This week Make it LEO is changing its name to LEO Lane, to better reflect what we do: enable enterprises to join the Industry 4.0 fast lane without losing control of their products and parts. However, after being Make it LEO for so long we are suffering from name withdrawal and keep thinking about “Make it”. This week’s post is inspired by that phrase, Make it, and is about Makers. The Maker movement is about learning through doing, getting to really know the technology around you and using it to its best advantage in solving problems or just tinkering for fun. When we think of makers it brings up peer to peer knowledge and ingenuity, innovation, resourcefulness, and cutting edge technology joining to empower individuals to take control of their virtual and physical surroundings and all that’s included in it. The maker is a problem solver, part of a community of innovators – in the current Industry 4.0 era, one of the important tools in the maker’s toolbox is 3D printing. With the help of 3D printers and local 3D print providers, the maker can turn ideas and experiments into physical items to be used and tested.
Fixing and Adding
The Maker Culture actually started from a very basic need of fixing a broken object or adjusting it to our needs by adding a part, such as the iPhone bike mount made by Ultimaker (image up top). When you’re making you often spend more time finding the right tools and the right way to make your design, 3D printing allows you to easily make your own tools or adaptations, like jigs for a drill or for a sewing machine (below).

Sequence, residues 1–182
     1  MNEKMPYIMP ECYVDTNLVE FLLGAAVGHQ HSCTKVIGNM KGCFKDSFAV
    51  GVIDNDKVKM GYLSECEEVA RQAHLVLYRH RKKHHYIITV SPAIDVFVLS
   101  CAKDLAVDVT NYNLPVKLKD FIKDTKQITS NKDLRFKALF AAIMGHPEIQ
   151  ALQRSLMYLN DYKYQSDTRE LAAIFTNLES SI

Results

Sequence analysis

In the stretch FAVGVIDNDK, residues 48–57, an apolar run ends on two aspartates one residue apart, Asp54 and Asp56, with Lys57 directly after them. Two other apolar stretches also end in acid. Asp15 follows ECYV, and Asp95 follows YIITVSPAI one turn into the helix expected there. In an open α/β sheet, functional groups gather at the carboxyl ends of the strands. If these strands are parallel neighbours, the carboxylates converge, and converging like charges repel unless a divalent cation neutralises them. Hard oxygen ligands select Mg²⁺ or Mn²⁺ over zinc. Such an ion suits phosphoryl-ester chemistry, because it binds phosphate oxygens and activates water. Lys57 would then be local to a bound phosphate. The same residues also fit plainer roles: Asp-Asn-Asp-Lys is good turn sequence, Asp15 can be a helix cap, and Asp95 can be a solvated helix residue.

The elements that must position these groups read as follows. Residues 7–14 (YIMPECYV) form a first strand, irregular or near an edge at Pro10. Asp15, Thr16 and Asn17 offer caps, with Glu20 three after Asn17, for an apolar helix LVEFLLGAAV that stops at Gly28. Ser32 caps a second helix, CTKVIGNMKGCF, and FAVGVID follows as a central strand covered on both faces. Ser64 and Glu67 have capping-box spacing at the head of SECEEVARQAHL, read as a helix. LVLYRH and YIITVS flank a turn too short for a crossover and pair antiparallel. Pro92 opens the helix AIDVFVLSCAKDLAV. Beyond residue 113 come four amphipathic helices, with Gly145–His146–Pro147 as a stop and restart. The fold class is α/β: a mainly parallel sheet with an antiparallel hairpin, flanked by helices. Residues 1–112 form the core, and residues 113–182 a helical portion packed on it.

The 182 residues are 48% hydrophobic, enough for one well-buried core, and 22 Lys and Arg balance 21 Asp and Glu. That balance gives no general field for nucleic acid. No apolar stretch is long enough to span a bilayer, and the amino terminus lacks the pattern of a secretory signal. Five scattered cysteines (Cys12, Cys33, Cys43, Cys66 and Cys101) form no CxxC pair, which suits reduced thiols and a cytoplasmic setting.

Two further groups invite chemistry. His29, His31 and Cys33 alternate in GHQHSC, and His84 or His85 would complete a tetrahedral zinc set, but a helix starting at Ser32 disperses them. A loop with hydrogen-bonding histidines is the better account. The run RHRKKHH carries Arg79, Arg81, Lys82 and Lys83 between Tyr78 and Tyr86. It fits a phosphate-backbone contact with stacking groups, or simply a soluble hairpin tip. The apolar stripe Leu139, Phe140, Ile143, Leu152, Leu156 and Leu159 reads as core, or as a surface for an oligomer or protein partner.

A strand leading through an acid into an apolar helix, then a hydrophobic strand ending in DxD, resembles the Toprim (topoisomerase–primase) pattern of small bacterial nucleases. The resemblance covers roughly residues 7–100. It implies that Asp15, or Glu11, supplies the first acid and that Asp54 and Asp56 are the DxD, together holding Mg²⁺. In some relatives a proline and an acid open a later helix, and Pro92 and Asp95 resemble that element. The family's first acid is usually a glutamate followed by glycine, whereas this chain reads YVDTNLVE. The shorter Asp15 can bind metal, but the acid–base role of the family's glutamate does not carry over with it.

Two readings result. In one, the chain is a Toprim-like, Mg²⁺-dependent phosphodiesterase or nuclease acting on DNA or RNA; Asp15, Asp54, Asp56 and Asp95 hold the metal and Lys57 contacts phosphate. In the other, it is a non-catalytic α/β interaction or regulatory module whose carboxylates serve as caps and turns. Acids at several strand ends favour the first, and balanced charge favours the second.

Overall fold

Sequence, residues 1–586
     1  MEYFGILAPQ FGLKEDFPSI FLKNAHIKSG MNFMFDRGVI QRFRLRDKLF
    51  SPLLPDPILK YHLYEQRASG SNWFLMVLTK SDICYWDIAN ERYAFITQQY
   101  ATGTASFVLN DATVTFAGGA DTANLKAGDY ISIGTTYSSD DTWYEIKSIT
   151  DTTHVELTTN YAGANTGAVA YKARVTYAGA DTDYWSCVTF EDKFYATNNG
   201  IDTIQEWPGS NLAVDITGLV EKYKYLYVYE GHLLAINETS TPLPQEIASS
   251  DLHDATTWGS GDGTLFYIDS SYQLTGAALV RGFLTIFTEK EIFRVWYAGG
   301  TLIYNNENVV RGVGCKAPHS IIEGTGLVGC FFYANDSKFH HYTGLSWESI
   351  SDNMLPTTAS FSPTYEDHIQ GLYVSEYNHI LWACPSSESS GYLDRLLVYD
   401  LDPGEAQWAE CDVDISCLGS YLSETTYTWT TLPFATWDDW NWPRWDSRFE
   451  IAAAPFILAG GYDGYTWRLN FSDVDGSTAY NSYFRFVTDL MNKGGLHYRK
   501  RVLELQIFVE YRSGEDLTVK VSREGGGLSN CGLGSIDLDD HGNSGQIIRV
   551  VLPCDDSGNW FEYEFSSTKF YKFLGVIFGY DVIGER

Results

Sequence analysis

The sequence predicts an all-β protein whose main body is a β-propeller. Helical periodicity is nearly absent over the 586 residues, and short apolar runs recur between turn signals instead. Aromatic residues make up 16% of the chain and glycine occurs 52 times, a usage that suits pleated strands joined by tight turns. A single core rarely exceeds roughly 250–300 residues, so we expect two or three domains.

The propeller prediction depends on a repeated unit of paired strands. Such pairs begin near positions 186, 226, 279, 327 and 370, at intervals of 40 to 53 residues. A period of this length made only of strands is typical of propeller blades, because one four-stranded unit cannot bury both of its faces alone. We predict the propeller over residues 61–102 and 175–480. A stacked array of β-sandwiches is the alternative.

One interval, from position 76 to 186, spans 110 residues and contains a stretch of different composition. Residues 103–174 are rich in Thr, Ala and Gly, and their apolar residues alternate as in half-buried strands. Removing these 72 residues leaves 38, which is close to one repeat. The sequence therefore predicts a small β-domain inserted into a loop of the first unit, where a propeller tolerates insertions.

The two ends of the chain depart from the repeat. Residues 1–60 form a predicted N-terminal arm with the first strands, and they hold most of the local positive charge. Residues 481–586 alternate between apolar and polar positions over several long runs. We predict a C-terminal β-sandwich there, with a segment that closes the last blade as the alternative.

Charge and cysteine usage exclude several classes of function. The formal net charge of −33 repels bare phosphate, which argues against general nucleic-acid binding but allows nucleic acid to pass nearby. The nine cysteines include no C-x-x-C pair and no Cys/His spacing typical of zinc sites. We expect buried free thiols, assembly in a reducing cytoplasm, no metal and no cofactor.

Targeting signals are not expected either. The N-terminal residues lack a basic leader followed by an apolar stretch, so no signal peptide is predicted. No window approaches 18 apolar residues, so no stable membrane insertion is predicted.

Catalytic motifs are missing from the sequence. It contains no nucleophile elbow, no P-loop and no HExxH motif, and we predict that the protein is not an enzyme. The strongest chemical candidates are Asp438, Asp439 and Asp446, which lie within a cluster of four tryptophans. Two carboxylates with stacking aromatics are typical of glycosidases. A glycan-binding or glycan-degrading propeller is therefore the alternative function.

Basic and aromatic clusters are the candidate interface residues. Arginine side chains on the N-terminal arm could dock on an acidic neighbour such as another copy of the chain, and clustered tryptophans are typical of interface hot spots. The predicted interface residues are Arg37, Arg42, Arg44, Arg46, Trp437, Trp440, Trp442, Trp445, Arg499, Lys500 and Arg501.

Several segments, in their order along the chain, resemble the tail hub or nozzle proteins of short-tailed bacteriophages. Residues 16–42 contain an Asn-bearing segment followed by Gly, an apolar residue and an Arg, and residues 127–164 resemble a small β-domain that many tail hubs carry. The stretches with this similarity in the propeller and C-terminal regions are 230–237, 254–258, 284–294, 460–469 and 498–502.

Makers look for ways of simply solving a common problem, trying to provide an affordable solution like the 3D printed FairCap Project (below). What started with Mauricio Cordova traveling the Amazon rainforest encountering the global clean water crisis is now a company with a vision to create water filters at the costs of 1$.
Fixperts are also an example of problem solvers, the UK initiative started by Daniel Charni and James Carrigan connect between designer-makers and people facing a daily difficulty. The interaction leads to a tailored fix and a growing archive of problems and solutions, such as the 3D printed umbrella stabilizer (above) or the cutting board for the disabled, both created by HIT students.
Big companies are looking for ways to connect to the maker movement and the maker customer. Gillette, for example, created a 3D printing station at IEM 2017 in Katowice, Poland, making customized razor handles for the visitors (below).
Making is not just a hobby, at Oak Ridge National Laboratory the team worked on making a 3D printed Shelby Cobra car (above and in this video) using the Big Area Additive Manufacturing (BAAM) machine developed by ORNL and Cincinnati Incorporated. 3D printing is ideal for the Automotive industry, especially in manufacturing parts that are no longer in production, as in this Jay Leno video.
Maker Clubs in the UK are encouraging making as a way of learning and engaging with technology. The Makerconnect is a robot building kit, combining a custom control chip, a mobile app, an online learning package and 3D printing (above). The kit enables kids not only to build a toy robot in minimum costs but also to create their own designs with the ingredients in the kit and customized 3D printed parts.